Paste the code below into the Adafruit Arduino IDE or select download to pull the code from GitHub. For more information about programming Flora and to download the IDE, please visit the Getting Started with FLORA guide.

You'll also need Modern Device's capacitive touch sensing library for Arduino. Refer to the Adafruit Guide All About Arduino Libraries for help installing libraries.

// SPDX-FileCopyrightText: 2019 Limor Fried for Adafruit Industries
// SPDX-FileCopyrightText: 2019 Becky Stern for Adafruit Industries
// SPDX-License-Identifier: MIT

Example code for a Flora game controller with capacitive touch sensing! Full tutorial and video:
Uses Modern Device's Capacitive Sensing library:
  Adafruit invests time and resources providing this open source code, 
  please support Adafruit and open-source hardware by purchasing 
  products from Adafruit!
  Written by Limor Fried & Becky Stern for Adafruit Industries.  
  BSD license, all text above must be included in any redistribution
#include <CapPin.h>
#include <Keyboard.h>

CapPin cPin_10 = CapPin(10);    // read pin 10 (D10 on Flora) - connect to NES B
CapPin cPin_9  = CapPin(9);     // read pin 9 (D9 on Flora)   - connect to NES A
CapPin cPin_6  = CapPin(6);     // read pin 6 (D6 on Flora)   - connect to NES Start
CapPin cPin_12 = CapPin(12);    // read pin 12 (D12 on Flora) - connect to NES Select
CapPin cPin_1  = CapPin(1);     // read pin 1 (TX on Flora)   - connect to NES right
CapPin cPin_0  = CapPin(0);     // read pin 0 (RX on Flora)   - connect to NES up
CapPin cPin_2  = CapPin(2);     // read pin 2 (SDA on Flora)  - connect to NES left
CapPin cPin_3  = CapPin(3);     // read pin 3 (SCL on Flora)  - connect to NES down

CapPin pins[] = {cPin_10, cPin_9, cPin_6, cPin_12, cPin_1, cPin_0, cPin_2, cPin_3};
// check for more info on unique keys

// WASD D-pad, select = Return, start = Space, LeftButton = z, RightButton = x
//char Keys[] =   {  'x',    'z',    ' ',     KEY_RETURN,    'd',     'w',    'a',    's'};

// arrow D-pad, select = Return, start = Space, LeftButton = b, RightButton = a
char Keys[] =   {  'a',    'b',    ' ',     KEY_RETURN, KEY_RIGHT_ARROW, KEY_UP_ARROW, KEY_LEFT_ARROW, KEY_DOWN_ARROW};

boolean currentPressed[] = {false, false, false, false, false, false, false, false};

// Capactive touch threashhold, you might want to mess with this if you find its too
// sensitive or not sensitive enough
#define THRESH 500

float smoothed[8] = {0,0,0,0,0,0,0,0};

void setup()
  //while (!Serial)

void loop()                    
  for (int i=0;i<8;i++) {
    long total1 = 0;
    long start = millis();
    long total =  pins[i].readPin(2000);

    // check if we are sensing that a finger is touching the pad 
    // and that it wasnt already pressed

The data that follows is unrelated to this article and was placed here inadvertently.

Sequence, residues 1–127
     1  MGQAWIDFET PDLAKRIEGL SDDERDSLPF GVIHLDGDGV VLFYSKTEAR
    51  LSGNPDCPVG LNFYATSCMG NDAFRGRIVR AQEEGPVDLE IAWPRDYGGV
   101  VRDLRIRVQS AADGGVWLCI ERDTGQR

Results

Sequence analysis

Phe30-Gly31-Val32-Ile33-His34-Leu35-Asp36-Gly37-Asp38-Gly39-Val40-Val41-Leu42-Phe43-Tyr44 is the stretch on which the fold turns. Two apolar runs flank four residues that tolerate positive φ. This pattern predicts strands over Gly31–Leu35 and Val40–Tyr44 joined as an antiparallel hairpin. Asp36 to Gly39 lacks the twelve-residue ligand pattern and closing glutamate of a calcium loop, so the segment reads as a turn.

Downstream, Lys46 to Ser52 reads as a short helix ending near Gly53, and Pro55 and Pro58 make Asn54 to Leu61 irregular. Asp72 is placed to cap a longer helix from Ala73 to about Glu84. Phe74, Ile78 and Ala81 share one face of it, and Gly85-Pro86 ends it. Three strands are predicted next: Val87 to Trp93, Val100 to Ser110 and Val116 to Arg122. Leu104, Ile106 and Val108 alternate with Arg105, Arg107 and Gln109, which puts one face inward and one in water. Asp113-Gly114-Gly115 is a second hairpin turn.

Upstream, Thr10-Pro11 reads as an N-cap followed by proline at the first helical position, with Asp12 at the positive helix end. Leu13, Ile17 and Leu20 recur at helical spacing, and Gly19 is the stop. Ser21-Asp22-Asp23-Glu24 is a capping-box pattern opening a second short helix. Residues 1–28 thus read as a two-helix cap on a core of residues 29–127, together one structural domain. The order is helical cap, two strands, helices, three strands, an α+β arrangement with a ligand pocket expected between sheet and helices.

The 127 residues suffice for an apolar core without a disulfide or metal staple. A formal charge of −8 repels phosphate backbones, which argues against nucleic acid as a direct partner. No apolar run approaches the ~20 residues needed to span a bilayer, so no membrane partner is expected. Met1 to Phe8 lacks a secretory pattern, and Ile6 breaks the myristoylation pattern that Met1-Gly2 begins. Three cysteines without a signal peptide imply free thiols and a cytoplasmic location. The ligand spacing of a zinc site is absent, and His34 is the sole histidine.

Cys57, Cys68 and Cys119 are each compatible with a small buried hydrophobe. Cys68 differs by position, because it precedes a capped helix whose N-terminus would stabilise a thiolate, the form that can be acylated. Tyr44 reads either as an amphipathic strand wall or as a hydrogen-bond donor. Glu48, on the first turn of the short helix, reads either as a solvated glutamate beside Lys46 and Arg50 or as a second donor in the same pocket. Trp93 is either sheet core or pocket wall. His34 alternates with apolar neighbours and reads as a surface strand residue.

if ((total > THRESH) && (! currentPressed[i])) {
      Serial.print("Key pressed #"); Serial.print(i);
      Serial.print(" ("); Serial.print(Keys[i]); Serial.println(")");
      currentPressed[i] = true;[i]);
    else if ((total <= THRESH) && (currentPressed[i])) {
      // key was released (no touch, and it was pressed before)
      Serial.print("Key released #"); Serial.print(i);
      Serial.print(" ("); Serial.print(Keys[i]); Serial.println(")");
      currentPressed[i] = false;
    // simple lowpass filter to take out some of the jitter
    // change parameter (0 is min, .99 is max) or eliminate to suit
    smoothed[i] = smooth(total, .8, smoothed[i]);   
    Serial.print(i); Serial.print(": ");
    Serial.print( millis() - start);      // time to execute in mS
    Serial.print("ms \t");
    Serial.print(total);                  // raw total
    Serial.println((int) smoothed[i]);       // smoothed

// simple lowpass filter
// requires recycling the output in the "smoothedVal" param
int smooth(int data, float filterVal, float smoothedVal){

  if (filterVal > 1){      // check to make sure param's are within range
    filterVal = .999999;
  else if (filterVal <= 0){
    filterVal = 0;

  smoothedVal = (data * (1 - filterVal)) + (smoothedVal  *  filterVal);

  return (int)smoothedVal;
Open a text editor and test your circuit! It should type keypresses into the editor. If your thread traces are too close together, the buttons could interfere with each other, so be sure to follow the pattern for this project and keep the traces from coming unnessesarily close together! Once you can verify the circuit works its time to turn it into a 3D plush toy.

This guide was first published on Apr 03, 2013. It was last updated on Apr 03, 2013.

This page (The Code) was last updated on Jun 24, 2022.

Text editor powered by tinymce.